News We Can … Lose?

The Chicago Tribune publishes something called “Red Eye” which is meant to target the young urban professional demographic. These folks don’t read newspapers, apparently. To fill that void, the Tribune created this collection of trivia — gossip, pictures, videos, blogs, games, and music news — to go along with some “real” news coverage. I imagine most papers have done the same thing, or will, or have at least thought about it.

I’ve looked at the website recently, and it’s OK, I guess, on a very superficial level.

A better name for the site might be pointlesswasteoftime.com — too bad that one is already taken.

Despite that limitation — or maybe because of that feature — it apparently sells pretty well in print form, on street corners and in train stations. I have no idea what kind of traffic the site gets.

Of course, old school newspapers (and the news sites they run) aren’t exactly chock full of yummy goodness these days, either. In fact, I can barely stand to read the news section of any major newspaper or news site any more, except (sometimes) the Wall Street Journal and occasional peaks at the Chicago Tribune and a few others.

We do subscribe to our local suburban paper, the Daily Herald, and it does a decent job of providing a blend of national, state, and local news. And the sports section is pretty good, especially columnist Barry Rozner. But the national news coverage is mostly AP, and like nearly everything the AP covers at the national level, it is really, really bad. Horrible, in fact. So the local coverage is key for us. We used to subscribe to the Chicago Tribune, when we lived in a close-in suburb in Cook County, but that paper is much too focused on Chicago and Cook County politics to really speak to somebody who now lives in DuPage County.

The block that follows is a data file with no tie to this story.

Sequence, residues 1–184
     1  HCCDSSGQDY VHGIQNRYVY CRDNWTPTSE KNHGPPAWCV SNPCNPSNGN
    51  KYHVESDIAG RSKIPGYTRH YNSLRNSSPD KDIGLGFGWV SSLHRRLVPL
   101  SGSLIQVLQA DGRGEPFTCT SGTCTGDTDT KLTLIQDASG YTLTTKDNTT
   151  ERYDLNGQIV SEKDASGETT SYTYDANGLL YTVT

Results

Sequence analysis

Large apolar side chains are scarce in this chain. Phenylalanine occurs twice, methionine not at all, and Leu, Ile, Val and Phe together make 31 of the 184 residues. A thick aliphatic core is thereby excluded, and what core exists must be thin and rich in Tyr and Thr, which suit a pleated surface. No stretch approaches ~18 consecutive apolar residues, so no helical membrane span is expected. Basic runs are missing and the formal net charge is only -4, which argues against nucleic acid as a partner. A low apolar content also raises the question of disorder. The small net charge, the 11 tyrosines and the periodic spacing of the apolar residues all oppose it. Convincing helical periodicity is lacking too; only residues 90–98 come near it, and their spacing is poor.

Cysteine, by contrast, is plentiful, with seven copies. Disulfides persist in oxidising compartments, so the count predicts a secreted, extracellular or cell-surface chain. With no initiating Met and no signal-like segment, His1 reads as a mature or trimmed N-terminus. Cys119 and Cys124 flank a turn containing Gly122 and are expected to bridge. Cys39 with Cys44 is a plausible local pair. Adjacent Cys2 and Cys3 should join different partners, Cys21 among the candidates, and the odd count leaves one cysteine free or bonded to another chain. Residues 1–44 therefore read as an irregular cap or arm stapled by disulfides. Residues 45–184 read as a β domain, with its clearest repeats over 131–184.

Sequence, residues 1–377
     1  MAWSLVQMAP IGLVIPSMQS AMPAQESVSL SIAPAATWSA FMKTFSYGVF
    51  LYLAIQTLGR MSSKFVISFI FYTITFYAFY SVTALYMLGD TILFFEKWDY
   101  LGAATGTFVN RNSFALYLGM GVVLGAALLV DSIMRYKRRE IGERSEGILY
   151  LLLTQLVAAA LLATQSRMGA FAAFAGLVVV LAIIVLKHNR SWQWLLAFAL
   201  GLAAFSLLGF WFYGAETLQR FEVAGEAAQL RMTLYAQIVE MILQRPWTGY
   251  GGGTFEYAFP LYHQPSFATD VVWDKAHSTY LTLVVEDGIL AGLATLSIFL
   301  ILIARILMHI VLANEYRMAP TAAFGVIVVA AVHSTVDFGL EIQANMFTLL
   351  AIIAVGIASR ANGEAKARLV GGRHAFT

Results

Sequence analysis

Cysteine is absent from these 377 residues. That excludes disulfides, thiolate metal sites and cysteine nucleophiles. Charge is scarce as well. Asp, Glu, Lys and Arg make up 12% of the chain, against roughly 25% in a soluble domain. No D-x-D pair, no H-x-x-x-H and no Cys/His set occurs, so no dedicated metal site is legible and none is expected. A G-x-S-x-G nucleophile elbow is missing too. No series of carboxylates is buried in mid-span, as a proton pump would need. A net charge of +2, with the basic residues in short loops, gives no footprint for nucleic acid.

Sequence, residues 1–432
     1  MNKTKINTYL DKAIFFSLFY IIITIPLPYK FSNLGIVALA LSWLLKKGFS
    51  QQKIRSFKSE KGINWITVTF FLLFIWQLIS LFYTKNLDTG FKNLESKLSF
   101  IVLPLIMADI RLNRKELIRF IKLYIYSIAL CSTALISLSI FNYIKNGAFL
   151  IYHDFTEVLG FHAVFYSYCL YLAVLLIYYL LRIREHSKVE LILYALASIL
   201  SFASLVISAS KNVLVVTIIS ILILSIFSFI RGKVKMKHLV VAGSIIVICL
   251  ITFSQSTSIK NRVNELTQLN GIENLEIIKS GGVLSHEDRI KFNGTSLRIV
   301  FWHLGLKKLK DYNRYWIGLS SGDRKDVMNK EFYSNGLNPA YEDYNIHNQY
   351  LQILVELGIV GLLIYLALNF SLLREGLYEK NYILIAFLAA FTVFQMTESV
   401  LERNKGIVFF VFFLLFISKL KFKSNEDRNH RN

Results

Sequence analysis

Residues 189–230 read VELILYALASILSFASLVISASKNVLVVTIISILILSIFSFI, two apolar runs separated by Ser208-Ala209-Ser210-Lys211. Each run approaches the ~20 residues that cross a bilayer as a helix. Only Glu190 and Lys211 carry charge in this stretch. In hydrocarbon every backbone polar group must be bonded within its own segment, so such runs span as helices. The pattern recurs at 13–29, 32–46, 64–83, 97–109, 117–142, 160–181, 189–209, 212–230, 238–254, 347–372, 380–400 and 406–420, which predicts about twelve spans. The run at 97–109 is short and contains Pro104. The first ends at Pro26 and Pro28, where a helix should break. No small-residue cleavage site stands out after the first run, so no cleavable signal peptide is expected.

Lately, we see publishers and editors of newspapers and wire services (like AP) wonder why revenue is down and they have to cut spending and fire people every other week.

There are surely multiple answers to this question, but here’s my answer, and I won’t even charge my usual consulting fee of $1,000 an hour: it’s because journalists are generally:

  • not qualified to write about very much, being both woefully under-educated and overly self-regarding;
  • out of touch with a large segment of the American people;
  • lazy, negative, and shrill, and too often serve as clerks for unnamed Washington power brokers and PR firms
  • afflicted with the typical union mentality that their job is an entitlement, immune to market-driven economic forces, and so don’t feel enough pressure to change their journalism model.

Today’s journalists, before they even got to college, were taught that journalists are supposed to change the world rather than report on it. Then at journalism school, they supposedly learn the same things that reporters used to learn on the job, except (1) not as well and (2) in a cocoon of self-regarding academia rather than in a big city on the crime beat. This can’t be an improvement.

In most journalism schools, from what I’ve read, they aren’t even required to become domain experts in any particular field, so as to form a knowledge base from which to write. So we end up with journalists who write about war with no military background or experience of any kind; who write about politics, yet don’t have basic knowledge of history or civics; who write about business, yet don’t understand economics or finance; who write about science, yet don’t understand the most basic comparative arguments or relative merits of percentages vs. absolute numbers.

Mostly, what they do is regurgitate talking points dictated to them by special interest groups via press releases and news conferences. And when they do get a “scoop”, it tends to be from unnamed sources who use the press to fight their nasty little Washington power struggles.